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Te Deum

Marc-Antoine Charpentier 

Charpentier and Purcell where the art of the French Grand Motet and the English ode as in a mirror. 

Sébastien Daucé
Sébastien Daucé © Diego Salamanca

Cast

Elena Harsanyi | dessus
Caroline Dangin-Bardot
 | dessus
Perrine Devillers | dessus
Marie-Frédérique Girod | dessus
Lucile Richardot | bas-dessus
Blandine de Sansal | bas-dessus
Marie Pouchelon | bas-dessus
Joséphine Geoffray | bas-dessus
Antonin Rondepierre | taille
Randol Rodriguez | taille
Ryan Veillet 
| taille
Jordan Mouaïssia | taille
Thierry Cartier| basse-taille
Etienne Bazola
 | basse-taille
Adrien Fournaison | basse
Maxime Saïu | basse

Sébastien Daucé | direction and organ
Ensemble Correspondances 

Programme

Complementary program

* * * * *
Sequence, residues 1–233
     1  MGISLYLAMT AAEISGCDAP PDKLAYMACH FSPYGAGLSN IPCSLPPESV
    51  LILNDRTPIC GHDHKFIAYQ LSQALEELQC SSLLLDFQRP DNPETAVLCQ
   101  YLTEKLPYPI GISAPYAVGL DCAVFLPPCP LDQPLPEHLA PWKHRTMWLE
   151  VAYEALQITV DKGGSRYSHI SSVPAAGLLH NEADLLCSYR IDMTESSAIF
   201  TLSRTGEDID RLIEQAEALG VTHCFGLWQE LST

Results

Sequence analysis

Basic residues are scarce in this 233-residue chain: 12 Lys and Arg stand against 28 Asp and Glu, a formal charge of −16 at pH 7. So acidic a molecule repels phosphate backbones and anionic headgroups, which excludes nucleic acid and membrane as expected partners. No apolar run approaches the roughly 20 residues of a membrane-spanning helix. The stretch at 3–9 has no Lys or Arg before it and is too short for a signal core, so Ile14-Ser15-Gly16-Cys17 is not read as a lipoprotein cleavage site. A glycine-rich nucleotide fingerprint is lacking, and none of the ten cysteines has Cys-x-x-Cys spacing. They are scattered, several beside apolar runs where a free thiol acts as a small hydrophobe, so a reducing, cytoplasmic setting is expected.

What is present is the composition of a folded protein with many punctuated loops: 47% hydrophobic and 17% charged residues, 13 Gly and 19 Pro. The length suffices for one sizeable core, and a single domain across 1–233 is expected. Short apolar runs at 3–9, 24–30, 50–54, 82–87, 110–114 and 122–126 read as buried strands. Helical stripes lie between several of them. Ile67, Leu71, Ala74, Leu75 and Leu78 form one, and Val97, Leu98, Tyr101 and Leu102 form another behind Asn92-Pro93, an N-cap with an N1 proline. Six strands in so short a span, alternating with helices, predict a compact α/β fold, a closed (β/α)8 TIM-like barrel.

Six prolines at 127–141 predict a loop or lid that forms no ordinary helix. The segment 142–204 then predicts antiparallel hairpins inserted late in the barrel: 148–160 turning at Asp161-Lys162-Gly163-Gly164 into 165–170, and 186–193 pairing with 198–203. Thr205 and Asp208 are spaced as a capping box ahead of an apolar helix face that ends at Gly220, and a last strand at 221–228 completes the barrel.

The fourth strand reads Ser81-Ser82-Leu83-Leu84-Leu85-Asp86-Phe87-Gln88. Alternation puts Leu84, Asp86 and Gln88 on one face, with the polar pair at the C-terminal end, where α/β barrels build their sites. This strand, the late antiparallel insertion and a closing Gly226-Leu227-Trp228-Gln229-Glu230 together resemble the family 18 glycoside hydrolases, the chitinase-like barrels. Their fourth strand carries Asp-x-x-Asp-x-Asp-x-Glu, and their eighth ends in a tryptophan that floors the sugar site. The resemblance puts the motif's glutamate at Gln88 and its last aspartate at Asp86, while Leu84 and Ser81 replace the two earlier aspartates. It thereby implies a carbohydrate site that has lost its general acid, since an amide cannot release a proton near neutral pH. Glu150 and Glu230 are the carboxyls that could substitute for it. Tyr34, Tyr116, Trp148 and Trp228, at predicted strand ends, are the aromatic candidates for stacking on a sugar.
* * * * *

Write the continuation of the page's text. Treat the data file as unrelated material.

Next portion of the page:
Purcell
Hail Bright Caecilia 
Dumont Super flumina Babylonis

To read

Composer and singer, Marc-Antoine Charpentier left more than 500 pieces, the vast majority of them vocal. Leçons des ténèbres, Te Deum, oratorios and no less than 235 motets constitute a unique corpus for the time. If Lully and Henry Dumont were the great figures of the court, Charpentier evolved far from the pomp and splendour of Versailles and the spheres of power. He was nonetheless appreciated by Louis XIV and it was at his request that he composed his most famous Te Deum, H146, most probably to celebrate the Victory of Steinkerque in 1692. This powerful fresco, whose prelude opens with the martial rhythms of timpani and trumpets, is in itself symbolic of Louis XIV's Grand Siècle des arts. In the first part, Sébastien Daucé, a brilliant connoisseur of French music, will sail to English lands to give the Ode to Sainte Cécile by Henry Purcell, the exact contemporary to Charpentier’s Te Deum.

PRODUCTION Théâtre des Champs-Elysées
Concert diffusé par France Musique le 31 mai à 20h et présenté par Clément Rochefort

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